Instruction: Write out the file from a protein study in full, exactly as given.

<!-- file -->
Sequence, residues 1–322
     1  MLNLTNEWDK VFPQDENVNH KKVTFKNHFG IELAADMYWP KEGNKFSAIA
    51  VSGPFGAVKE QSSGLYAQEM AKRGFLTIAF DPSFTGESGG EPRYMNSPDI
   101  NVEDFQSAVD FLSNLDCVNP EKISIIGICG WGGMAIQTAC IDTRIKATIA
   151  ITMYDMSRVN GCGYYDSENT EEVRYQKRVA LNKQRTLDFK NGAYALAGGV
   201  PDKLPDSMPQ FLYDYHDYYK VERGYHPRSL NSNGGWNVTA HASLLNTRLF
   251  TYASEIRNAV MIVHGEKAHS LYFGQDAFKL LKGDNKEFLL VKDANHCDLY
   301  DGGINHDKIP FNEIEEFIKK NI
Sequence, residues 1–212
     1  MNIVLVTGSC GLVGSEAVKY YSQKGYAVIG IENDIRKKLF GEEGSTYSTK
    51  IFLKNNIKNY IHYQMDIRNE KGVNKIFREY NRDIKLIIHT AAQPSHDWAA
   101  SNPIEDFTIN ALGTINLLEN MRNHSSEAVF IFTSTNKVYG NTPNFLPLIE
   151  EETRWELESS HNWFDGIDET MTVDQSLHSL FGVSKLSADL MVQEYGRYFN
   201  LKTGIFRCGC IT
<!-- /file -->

Sequence, residues 1–322
     1  MLNLTNEWDK VFPQDENVNH KKVTFKNHFG IELAADMYWP KEGNKFSAIA
    51  VSGPFGAVKE QSSGLYAQEM AKRGFLTIAF DPSFTGESGG EPRYMNSPDI
   101  NVEDFQSAVD FLSNLDCVNP EKISIIGICG WGGMAIQTAC IDTRIKATIA
   151  ITMYDMSRVN GCGYYDSENT EEVRYQKRVA LNKQRTLDFK NGAYALAGGV
   201  PDKLPDSMPQ FLYDYHDYYK VERGYHPRSL NSNGGWNVTA HASLLNTRLF
   251  TYASEIRNAV MIVHGEKAHS LYFGQDAFKL LKGDNKEFLL VKDANHCDLY
   301  DGGINHDKIP FNEIEEFIKK NI
Sequence, residues 1–212
     1  MNIVLVTGSC GLVGSEAVKY YSQKGYAVIG IENDIRKKLF GEEGSTYSTK
    51  IFLKNNIKNY IHYQMDIRNE KGVNKIFREY NRDIKLIIHT AAQPSHDWAA
   101  SNPIEDFTIN ALGTINLLEN MRNHSSEAVF IFTSTNKVYG NTPNFLPLIE
   151  EETRWELESS HNWFDGIDET MTVDQSLHSL FGVSKLSADL MVQEYGRYFN
   201  LKTGIFRCGC IT